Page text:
A Concerned Cupidian Named Kevin Zaborney Squeezes National Hugging Day into the Calendar
updated 01/23/1989 AT 01:00 AM EST
•originally published 01/23/1989 AT 01:00 AM EST
Zaborney, a 24-year-old juvenile delinquents' treatment specialist at Boysville in Mount Morris, Mich., dreamed up National Hugging Day in 1986, while grappling with what he considers a lamentable sociological fact: "American society is embarrassed to show feelings in public." Zaborney "wanted to help bring things around" and hit upon having a day devoted to public displays of affection. What a happy coincidence that the huggable woman in Zaborney's life at the time was Monica Moeller, whose grandparents, William and Helen Chase, put out Chase's Annual Events every year. Zaborney chose Jan. 21 because it falls roughly midway between Christmas and Valentine's Day, when he figures people are at an emotional low. The Chases incorporated Hugging Day right in with Umpire Appreciation Day, International Lefthanders Day and another Zabornagain notion, National Whiners' Day (Dec. 26, when all those gifts are returned).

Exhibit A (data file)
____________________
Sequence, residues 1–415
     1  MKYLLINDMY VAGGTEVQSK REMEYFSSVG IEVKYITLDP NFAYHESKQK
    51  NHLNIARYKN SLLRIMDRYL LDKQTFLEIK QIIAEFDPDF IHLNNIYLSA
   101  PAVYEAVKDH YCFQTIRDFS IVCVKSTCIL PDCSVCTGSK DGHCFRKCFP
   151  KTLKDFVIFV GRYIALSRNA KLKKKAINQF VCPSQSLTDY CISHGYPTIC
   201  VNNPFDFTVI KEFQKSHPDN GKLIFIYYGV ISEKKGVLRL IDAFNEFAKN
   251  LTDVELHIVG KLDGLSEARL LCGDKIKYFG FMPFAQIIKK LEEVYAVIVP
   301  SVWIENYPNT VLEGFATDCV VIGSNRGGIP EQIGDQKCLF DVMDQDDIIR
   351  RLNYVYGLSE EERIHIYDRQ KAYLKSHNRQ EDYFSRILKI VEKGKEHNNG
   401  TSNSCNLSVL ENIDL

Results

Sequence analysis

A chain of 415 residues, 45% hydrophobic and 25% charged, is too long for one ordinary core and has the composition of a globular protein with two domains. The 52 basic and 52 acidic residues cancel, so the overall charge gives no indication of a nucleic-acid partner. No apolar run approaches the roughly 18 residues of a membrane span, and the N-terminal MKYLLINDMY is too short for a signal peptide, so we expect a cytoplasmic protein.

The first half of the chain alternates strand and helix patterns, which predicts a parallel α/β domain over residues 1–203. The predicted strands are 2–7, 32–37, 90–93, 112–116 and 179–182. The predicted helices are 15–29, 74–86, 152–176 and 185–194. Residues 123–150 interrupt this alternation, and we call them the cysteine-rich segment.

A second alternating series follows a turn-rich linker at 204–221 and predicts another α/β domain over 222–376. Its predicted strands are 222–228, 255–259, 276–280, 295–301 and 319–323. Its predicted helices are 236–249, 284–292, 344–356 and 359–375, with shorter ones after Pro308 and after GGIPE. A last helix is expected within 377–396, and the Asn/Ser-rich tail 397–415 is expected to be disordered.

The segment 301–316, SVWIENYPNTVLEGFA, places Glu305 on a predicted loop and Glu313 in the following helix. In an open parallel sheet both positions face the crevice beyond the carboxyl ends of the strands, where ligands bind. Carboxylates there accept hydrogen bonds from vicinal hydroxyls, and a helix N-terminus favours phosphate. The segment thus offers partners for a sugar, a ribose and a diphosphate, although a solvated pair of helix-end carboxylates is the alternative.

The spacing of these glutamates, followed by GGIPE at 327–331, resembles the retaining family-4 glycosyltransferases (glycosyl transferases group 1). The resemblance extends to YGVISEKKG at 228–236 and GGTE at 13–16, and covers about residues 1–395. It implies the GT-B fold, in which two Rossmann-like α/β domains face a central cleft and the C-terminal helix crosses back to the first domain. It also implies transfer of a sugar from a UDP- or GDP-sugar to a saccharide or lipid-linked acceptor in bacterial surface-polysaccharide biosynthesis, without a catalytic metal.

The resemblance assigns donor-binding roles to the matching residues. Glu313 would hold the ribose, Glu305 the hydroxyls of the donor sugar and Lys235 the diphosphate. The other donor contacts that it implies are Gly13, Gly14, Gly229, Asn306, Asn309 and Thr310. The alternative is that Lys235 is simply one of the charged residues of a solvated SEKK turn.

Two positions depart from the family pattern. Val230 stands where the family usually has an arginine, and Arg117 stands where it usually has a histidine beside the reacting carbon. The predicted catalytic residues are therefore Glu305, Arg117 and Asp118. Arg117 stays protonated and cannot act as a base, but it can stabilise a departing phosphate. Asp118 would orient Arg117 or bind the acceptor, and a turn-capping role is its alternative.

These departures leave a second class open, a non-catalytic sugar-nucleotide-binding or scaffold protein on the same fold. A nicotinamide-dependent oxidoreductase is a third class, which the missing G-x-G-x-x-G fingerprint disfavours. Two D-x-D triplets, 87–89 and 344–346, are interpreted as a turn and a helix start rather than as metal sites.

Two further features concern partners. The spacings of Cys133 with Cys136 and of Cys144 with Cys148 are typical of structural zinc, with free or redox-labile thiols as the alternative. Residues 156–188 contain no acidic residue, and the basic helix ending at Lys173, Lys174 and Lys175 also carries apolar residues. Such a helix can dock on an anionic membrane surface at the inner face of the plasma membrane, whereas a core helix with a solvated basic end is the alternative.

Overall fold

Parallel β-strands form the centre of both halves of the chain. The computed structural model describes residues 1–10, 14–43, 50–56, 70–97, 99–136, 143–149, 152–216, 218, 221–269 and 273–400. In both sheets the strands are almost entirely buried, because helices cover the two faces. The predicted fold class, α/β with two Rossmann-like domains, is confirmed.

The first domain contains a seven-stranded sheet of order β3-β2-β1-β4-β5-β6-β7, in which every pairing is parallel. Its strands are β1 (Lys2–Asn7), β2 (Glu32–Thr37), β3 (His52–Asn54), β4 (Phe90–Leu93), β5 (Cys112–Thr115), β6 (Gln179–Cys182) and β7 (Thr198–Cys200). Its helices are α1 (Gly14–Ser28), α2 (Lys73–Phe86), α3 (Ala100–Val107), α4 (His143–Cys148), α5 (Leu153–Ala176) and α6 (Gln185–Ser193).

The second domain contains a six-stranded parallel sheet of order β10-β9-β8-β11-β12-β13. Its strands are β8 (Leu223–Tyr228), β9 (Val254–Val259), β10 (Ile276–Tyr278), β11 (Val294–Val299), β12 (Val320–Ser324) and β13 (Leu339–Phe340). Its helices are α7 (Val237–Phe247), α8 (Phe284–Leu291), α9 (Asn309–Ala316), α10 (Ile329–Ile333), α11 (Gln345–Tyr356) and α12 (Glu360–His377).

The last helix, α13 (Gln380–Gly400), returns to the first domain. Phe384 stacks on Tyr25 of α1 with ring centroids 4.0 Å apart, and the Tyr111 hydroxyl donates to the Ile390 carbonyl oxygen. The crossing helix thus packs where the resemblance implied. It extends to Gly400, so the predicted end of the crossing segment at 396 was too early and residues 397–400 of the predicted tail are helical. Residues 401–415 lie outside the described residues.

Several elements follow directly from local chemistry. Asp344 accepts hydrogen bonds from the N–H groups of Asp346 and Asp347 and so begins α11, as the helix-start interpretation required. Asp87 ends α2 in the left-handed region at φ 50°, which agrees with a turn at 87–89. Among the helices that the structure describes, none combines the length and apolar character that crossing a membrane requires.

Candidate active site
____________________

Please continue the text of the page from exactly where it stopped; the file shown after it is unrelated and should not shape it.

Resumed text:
In the past two years, Zaborney, who was a psychology major, natch, at the University of Michigan at Flint, has gotten letters from thousands of fans. Kids send construction-paper hearts, Leo (Dr. Love) Buscaglia sent his regards, and Joan Rivers said she wanted to change her "Can we talk?" trademark to "Can we hug?" for the day. Hugging Day has also touched close to home. Now even Zaborney's dad, a health inspector, "who was always pretty reserved, really gives me a hug when he sees me," says his son.
As it happens, Zaborney may feel a certain emptiness between his outstretched arms this Saturday. Moeller has married someone else, and Kevin has no new significant hugger. "I'm looking for someone embraceable," he says. For others like him who will be solo on this Hugging Day, Zaborney has an important bit of advice: "Ask before you hug."